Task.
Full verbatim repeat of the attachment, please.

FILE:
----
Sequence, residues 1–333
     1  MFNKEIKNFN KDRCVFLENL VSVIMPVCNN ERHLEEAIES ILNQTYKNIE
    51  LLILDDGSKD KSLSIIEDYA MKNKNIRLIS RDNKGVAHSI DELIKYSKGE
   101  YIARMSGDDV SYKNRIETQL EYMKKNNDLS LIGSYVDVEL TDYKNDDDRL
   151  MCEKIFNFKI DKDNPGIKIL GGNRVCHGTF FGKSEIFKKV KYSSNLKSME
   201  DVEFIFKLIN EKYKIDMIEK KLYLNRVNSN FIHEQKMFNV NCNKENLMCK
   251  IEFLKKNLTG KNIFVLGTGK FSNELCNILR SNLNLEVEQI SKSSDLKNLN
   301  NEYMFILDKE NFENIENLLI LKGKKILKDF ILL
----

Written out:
Sequence, residues 1–333
     1  MFNKEIKNFN KDRCVFLENL VSVIMPVCNN ERHLEEAIES ILNQTYKNIE
    51  LLILDDGSKD KSLSIIEDYA MKNKNIRLIS RDNKGVAHSI DELIKYSKGE
   101  YIARMSGDDV SYKNRIETQL EYMKKNNDLS LIGSYVDVEL TDYKNDDDRL
   151  MCEKIFNFKI DKDNPGIKIL GGNRVCHGTF FGKSEIFKKV KYSSNLKSME
   201  DVEFIFKLIN EKYKIDMIEK KLYLNRVNSN FIHEQKMFNV NCNKENLMCK
   251  IEFLKKNLTG KNIFVLGTGK FSNELCNILR SNLNLEVEQI SKSSDLKNLN
   301  NEYMFILDKE NFENIENLLI LKGKKILKDF ILL